After making a policy statement before parliament on Monday, the Pheu Thai-led coalition is set to jumpstart its work under tight scrutiny from the opposition, especially the Move Forward Party (MFP). If this was not enough, members of the public are casting suspicious eyes at its policies, as several seem too good to be true.
With a bloated majority of 314 MPs from 11 parties compared to 184 opposition MPs, stability is not an issue for the new administration. Even if a major coalition partner, like Bhumjaithai (71 MPs), withdraws, the coalition can remain strong as it still has the Democrat Party as a political spare part. The coalition is likely to complete its four-year term without much difficulty. This is because most other parties have isolated the MFP, the real poll winner, due to its goal of having Section 112, the lese majeste law, amended.
The conservatives are forced to stay united as they share the same fear: losing to the MFP in the next elections, which is a very likely scenario after Pheu Thai abandoned its partnership with the MFP -- the real election winner -- and joined hands with the United Thai Nation (UTN) and Palang Pracharath (PPRP) or so-called "uncle" parties, ignoring people's wishes for a new political era free of the junta's influence.
In the worst-case scenario, suppose the coalition were to experience a rift, causing Srettha Thavisin to lose his premiership, it would still have Paetongtarn Shinawatra, daughter of Thaksin, who is currently sidelined.
But things often come with a cost -- a tremendous cost, in fact.
Mr Srettha is well aware of the dwindling support for Pheu Thai after it kissed and made up with the "uncle" parties, even though both Gen Prayut Chan-o-cha and Gen Prawit Wongsuwon are not in either party's structure.
A recent survey by Sri Pathum University shows Pheu Thai's popularity has plummeted by 62% while the MFP's popularity has soared by the same degree. This is the cost the new prime minister and Pheu Thai have paid for reneging on their political promises, abandoning the MFP, and for Thaksin's privileges in jail -- he served less than 13 hours inside Bangkok Remand Prison's quarantine area before he was transferred to a premium ward at the Police General Hospital.
Thaksin's petition for a royal pardon was facilitated by Gen Prayut, who countersigned the royal command that commuted his eight-year term to just one year.
It is no wonder Pheu Thai's stance toward the UTN softened, while Mr Srettha kowtowed to his predecessor, the guy who toppled the Pheu Thai-led coalition in 2014, asking for the latter's "advice" in running the country.
As many in the red-shirt brigade are now feeling unhappy, we can see an outburst of anger in the yellow-clad faction over Thaksin's reduced jail term. While some conservative elements find the Pheu Thai-UTN alliance more or less understandable, given the rise of the MFP, a large number are extremely upset. They view the lowered jail term as a double standard, especially when compared to Boonsong Teriyapirom, the former commerce minister in the Yingluck Shinawatra government, who remains in jail despite his poor health. Commuting the term to one year is far too much. At least, Thaksin should have spent some time behind bars. It's this group that is ready to shift its support to the MFP despite the party's position on amending Section 112.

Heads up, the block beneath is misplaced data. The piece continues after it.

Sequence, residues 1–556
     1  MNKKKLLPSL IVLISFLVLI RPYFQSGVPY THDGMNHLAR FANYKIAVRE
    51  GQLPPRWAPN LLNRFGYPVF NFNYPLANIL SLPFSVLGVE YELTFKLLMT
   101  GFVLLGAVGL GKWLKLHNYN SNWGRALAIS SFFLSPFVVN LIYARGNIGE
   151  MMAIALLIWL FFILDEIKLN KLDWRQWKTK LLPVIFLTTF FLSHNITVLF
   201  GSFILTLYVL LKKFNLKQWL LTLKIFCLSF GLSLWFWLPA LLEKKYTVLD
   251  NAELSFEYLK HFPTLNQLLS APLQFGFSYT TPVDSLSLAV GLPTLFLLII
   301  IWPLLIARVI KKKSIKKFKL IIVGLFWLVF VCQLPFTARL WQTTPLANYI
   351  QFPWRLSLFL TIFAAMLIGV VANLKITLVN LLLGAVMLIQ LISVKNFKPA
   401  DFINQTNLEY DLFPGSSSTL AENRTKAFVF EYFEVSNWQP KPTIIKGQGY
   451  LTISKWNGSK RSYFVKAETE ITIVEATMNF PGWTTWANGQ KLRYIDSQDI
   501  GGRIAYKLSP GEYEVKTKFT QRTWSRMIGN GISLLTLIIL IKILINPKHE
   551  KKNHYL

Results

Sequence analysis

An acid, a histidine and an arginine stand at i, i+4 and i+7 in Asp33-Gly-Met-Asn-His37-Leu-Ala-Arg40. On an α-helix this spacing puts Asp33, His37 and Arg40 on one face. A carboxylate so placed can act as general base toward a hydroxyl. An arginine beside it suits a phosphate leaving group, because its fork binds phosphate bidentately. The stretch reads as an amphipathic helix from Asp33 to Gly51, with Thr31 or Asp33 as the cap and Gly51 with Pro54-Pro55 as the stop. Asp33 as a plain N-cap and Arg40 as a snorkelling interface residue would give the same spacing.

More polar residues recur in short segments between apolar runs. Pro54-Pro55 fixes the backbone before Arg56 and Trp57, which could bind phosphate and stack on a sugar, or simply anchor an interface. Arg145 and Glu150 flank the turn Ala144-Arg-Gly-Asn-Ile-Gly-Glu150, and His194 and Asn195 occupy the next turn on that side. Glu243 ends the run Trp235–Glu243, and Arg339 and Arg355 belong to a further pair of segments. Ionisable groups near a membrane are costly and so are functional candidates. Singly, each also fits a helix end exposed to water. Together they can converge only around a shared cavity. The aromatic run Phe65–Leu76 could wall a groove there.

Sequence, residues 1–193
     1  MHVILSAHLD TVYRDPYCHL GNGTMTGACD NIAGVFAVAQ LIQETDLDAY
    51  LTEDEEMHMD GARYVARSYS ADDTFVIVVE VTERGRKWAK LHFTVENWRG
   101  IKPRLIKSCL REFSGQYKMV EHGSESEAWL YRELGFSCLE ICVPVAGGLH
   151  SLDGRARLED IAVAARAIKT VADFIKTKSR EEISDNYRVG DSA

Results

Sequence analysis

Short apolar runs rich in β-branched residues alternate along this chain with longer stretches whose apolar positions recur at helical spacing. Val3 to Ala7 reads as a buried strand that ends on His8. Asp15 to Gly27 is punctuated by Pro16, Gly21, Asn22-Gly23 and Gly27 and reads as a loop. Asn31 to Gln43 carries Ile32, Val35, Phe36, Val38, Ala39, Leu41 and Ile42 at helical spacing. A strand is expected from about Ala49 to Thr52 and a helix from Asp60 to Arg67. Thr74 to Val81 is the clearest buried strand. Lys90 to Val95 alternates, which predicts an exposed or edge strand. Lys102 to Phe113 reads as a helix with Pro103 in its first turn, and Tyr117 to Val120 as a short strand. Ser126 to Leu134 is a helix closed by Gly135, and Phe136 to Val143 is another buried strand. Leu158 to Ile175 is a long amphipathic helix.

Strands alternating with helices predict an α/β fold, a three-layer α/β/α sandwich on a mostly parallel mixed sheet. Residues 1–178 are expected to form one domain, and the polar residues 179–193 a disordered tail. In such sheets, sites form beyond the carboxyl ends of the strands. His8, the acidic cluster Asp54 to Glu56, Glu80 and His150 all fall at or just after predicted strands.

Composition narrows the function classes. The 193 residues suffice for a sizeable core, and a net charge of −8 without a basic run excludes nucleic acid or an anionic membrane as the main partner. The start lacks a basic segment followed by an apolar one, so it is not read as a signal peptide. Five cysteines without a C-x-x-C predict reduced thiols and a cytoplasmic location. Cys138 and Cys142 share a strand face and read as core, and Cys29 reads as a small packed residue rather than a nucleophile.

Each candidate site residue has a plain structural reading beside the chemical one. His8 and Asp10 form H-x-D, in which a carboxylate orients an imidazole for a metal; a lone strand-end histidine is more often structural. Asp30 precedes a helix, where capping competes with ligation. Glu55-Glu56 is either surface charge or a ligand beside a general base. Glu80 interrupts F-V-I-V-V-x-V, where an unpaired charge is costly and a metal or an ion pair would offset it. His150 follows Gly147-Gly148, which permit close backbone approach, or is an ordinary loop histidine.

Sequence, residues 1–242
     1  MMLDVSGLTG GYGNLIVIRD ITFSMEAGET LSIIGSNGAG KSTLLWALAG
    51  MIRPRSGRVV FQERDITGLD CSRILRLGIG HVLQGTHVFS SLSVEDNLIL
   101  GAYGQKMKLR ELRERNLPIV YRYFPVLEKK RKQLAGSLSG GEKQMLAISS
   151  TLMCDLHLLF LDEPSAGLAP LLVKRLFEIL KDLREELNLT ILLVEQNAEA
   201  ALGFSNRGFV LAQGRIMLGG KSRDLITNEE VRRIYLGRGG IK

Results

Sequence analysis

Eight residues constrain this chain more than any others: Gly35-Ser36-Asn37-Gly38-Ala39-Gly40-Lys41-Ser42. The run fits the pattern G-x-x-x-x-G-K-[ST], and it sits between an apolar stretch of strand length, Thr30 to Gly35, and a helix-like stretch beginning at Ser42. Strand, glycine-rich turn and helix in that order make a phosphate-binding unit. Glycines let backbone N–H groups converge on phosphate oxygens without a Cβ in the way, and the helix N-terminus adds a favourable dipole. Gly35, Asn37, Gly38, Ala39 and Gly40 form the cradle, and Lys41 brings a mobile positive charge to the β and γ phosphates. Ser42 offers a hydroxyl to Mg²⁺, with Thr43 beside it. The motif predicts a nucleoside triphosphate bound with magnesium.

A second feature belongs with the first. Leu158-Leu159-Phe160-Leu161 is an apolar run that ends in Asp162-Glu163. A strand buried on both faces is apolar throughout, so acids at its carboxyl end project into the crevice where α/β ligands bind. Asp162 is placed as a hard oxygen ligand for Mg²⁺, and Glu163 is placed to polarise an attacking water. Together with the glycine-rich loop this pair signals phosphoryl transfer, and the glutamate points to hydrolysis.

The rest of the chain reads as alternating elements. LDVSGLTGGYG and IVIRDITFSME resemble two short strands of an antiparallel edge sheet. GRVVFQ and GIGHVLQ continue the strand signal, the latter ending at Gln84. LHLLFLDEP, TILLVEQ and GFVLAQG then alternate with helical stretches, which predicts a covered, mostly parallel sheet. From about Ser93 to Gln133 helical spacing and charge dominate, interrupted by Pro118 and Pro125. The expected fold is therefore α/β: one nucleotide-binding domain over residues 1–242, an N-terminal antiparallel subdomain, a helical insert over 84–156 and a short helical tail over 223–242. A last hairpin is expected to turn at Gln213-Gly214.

Moreover, there is still a chance Thaksin's sentence may be further reduced, given his old age and on the basis of good behaviour. In that case, he would only serve one-third of his commuted term, or just four months. According to tradition, the palace grants royal pardons on certain commemoration days, like the anniversary of King Rama IX's passing on Oct 13, or King Rama IX's birthday on Dec 5. It's widely believed that Thaksin will be a free man on Dec 5, or even earlier.
If the Pheu Thai coalition has the will to tackle such judicial double standards, it must find ways to grant an amnesty to all those facing criminal sentences in connection with their political activities, on both sides of the colour-coded political conflicts, as well as those persecuted in accordance with Section 112 and the emergency decree. Most of them are young activists, and at least six are minors.
After all, they are prisoners of conscience, compared to Thaksin, who abused his power for ill-gotten gains -- a more serious crime. He deserves to face heavy penalties to serve as an example. Political officeholders should get tougher penalties than ordinary people for a similar offence.
For this reason, there are specific laws and agencies, like the National Anti-corruption Commission and the Criminal Court for Political Office Holders, to deal with wayward leaders and state officials.
The administration must rectify the problem to restore public trust by upholding a single judicial standard. If not, people will lose faith in their leaders, institutions and the country. This socio-political time bomb will plunge the country into a new crisis where no one wins.